Wednesday, December 28, 2011

"Nip it in the Bud" Using Formative E-Assessment

I remember growing up and listening to my grandmother proclaim to my father, "Eugene, that is a bad habit, we need to nip it in the bud, before it gets really bad."  The saying, "Nip it in the Bud", comes from plant origins, whereby gardeners would pull off buds of plants to prevent them from growing any bigger.  According to, if you nip something in the bud, you stop a problem from becoming serious by dealing with it as soon as you notice it. 

In education, this could translate into using formative assessment to diagnose student problems before they write a unit test, midterm or final exam.  One of the promising practices in using formative e-assessment, is that it will give you rich assessment data in a timely manner before errors fossilize.  Many top performing schools use common formative assessment on a frequent basis. Then, they analyze these results, make adjustments to their teaching, and re-teach individual students before the student takes any kind of summative assessment.  
At my current school, we embarked on a study to see if using formative e-assessment would help raise student achievement in grade 9 science.  Two grade 9 science teachers developed over 1000 multiple choice type questions and used Moodle to deliver these question to grade 9 science students in the form of practice tests (self assessments).  Students were encouraged to take the self assessments as many times as they liked.  Each time the student submitted the self assessment, the computer would score their attempt.  Rich feedback would be available to students at the bottom of each question to act as extra information to further enhance learning, as indicated by the red font in the picture below.

Has using formative e-assessment raised achievement in grade 9 science?  Action research in the field of education is always challenging because there are so many factors that could attribute to a rise in student achievement beyond the strategy you employed.  That said, our end of year exam results over the last three  years have shown promising signs that may lead to a conclusion that formative e-assessment is helping our grade 9 science students achieve mastery.  The graph below shows what percentage of students achieved a score of 85% or higher(standard of excellence) on the end of year exam.  There is a remarkable trend in the last 3 years of the graph, which were the years we employed formative e-assessment.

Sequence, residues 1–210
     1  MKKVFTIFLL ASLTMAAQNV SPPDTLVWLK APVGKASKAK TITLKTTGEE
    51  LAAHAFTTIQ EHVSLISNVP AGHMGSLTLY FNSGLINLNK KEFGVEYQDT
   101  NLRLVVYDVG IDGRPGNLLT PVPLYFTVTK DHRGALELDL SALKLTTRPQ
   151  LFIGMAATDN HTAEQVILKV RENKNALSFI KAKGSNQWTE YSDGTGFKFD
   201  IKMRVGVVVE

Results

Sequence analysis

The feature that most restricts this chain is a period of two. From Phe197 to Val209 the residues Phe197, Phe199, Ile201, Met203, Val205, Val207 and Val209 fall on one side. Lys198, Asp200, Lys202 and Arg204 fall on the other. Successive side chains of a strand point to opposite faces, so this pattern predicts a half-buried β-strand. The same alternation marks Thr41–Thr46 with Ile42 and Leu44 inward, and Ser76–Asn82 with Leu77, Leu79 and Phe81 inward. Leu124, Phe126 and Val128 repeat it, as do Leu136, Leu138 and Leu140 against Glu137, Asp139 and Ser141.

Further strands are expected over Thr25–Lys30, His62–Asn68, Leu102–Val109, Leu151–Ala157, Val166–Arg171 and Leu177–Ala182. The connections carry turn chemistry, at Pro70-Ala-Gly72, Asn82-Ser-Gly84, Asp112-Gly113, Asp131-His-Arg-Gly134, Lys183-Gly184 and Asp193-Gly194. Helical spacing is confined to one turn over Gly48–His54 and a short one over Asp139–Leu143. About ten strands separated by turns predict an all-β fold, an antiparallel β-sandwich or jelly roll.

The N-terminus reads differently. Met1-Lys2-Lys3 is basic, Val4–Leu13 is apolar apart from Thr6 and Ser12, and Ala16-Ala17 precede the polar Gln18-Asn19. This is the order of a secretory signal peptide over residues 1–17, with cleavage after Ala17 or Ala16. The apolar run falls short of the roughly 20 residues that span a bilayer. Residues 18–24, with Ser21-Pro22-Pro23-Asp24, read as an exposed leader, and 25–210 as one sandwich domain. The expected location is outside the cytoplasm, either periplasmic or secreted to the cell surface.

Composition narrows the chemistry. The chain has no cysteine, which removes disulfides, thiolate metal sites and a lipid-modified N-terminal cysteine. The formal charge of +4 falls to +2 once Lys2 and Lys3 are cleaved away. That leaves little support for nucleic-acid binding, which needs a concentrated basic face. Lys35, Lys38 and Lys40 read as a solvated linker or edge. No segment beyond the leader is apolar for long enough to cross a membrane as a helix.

Electronic assessment has gained considerable criticism over the years.  Some claim that multiple choice questions are a poor way to assess learning.  I would agree with this claim, if it was the only way we assess students.  It is important to note that our school did not abandon other forms of assessment.  We continue to use portfolios, projects and a variety of assessment practices to ensure students are given an opportunity to demonstrate their learning in a plethora of modalities.  Our formative e-assessment project is giving students and teachers the opportunity to understand what students know, what they do not know, and is affording them the opportunity to take actions to fill in the gap in a timely manner.  We are finding that formative e-assessment is promoting student responsibility and building student self efficacy.  This low-risk approach to formative assessment in Moodle is enabling students to build self confidence.   Students do not engage in activities they believe will lead to negative outcomes.  With the help of formative e-assessments, students are engaged in their learning and more motivated to seek help and review material, because they are encouraged to make multiple attempts at constructing knowledge.